*[Note. This is a slightly modified version of an article that
originally appeared in the December 2010 issue of Archive magazine.]*

When I started to prepare a talk on this subject for the Midlands User Group last year, my first thought was to base it on an article that I wrote for Archive 17:3 in 2003. However, I quickly realised that the old article would need to be updated, and I added some new material. The present article is an extended version of the talk that I gave.

Cryptology is a broader subject, consisting of two branches:
cryptography, the science of creating secure *cryptosystems* for
converting data into a form that is unintelligible to unauthorised persons,
and cryptanalysis, the science of 'attacking' cryptosystems in order to
'crack' them or at least discover their weaknesses.

When cryptanalysis reveals weaknesses in cryptosystems, cryptographers create more secure cryptosystems. Conversely, as cryptosystems become stronger, cryptanalysts try to discover more powerful methods of attacking them. Thus, cryptography and cryptanalysis are complementary.

The aim of cryptography is to convert any data in its original form,
called the *plaintext*, into an incomprehensible form, known as the
*ciphertext*. This process is called *encryption*. The reverse
process of recovering the plaintext from the ciphertext is called
*decryption*. In popular writing, one often finds the (incorrect) terms
'encoding' and 'decoding', but technically these have quite different
meanings and should not be used in the present context.

It is important to understand that the plaintext need not necessarily be a textual message. It can be a computer file representing any type of date - an image, a database, etc.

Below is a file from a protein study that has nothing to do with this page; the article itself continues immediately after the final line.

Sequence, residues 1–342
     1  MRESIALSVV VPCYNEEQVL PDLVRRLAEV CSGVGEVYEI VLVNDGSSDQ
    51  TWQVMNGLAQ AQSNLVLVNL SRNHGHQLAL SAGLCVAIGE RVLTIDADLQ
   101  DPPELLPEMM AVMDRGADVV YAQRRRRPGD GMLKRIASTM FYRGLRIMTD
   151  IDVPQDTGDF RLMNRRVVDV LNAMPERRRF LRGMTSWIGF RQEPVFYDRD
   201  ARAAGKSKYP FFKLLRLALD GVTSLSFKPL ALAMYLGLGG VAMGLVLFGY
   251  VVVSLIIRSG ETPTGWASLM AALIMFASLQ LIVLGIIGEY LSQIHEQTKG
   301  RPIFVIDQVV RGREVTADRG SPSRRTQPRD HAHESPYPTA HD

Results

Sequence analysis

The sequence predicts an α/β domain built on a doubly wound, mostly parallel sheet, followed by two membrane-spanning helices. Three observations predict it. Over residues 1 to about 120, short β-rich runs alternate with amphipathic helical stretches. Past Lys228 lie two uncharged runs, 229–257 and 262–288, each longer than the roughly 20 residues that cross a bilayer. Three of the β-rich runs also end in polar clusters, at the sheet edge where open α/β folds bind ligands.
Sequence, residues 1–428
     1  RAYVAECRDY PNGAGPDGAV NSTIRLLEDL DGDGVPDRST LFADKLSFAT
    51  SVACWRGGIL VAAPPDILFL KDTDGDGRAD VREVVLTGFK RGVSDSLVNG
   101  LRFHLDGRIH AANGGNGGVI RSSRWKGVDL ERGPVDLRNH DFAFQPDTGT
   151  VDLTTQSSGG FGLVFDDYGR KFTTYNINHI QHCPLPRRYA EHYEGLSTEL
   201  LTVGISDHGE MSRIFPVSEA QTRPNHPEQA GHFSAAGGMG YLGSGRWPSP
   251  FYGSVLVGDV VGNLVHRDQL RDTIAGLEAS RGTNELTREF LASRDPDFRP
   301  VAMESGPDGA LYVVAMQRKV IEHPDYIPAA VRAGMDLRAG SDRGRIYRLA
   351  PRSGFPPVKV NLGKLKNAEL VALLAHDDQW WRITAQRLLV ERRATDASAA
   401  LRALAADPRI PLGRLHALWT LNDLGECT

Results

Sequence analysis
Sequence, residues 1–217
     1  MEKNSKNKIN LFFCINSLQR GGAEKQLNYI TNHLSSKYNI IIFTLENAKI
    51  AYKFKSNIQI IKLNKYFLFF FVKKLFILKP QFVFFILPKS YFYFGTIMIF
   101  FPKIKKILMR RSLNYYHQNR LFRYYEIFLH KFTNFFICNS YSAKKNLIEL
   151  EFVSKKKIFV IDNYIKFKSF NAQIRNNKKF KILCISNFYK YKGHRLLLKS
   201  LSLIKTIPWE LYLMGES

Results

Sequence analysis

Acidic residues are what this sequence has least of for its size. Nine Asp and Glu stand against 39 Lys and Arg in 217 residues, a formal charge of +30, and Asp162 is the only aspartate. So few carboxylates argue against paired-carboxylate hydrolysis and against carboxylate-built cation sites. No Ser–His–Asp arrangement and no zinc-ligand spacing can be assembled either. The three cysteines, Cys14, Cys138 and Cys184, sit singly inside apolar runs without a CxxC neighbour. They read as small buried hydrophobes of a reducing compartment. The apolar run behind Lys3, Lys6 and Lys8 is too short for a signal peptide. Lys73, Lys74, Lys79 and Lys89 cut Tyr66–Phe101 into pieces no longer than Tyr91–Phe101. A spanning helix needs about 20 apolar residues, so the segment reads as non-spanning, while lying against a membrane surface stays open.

Any particular cryptosystem is based on specific encryption and
decryption *algorithms*. An algorithm is simply a computational
procedure that follows some specific set of rules. An important general
principle of modern cryptography, known as Kerckhoffs' Principle, is that
the the algorithms defining a cryptosystem should be publicly known. Only
then is it possible for the cryptosystem to be critically analysed by
experts, so that users can have confidence in it.

The precise way in which the plaintext is encrypted by means of a
specific algorithm depends on a *secret key*, which in practice is
simply some large number. The implication of Kerckhoffs' Principle is that
the security of the encryption relies on the secret key, and not on some
secret encryption algorithm. It is easy to understand this by means of the
following analogy: There are no secrets about how a combination padlock
works - its mechanism is designed to open the lock when a particular
sequence of numbers is dialed - but a locked padlock is secure because there
are typically over a million possible combinations ('keys').

Modern cryptosystems can be classified broadly into two main types: symmetric and public-key cryptosystems. These will be described below.

Typically, symmetric encryption is performed by means of a *block
cipher*, which is an encryption method that divides the plaintext into
blocks of some fixed length and transforms each block according to a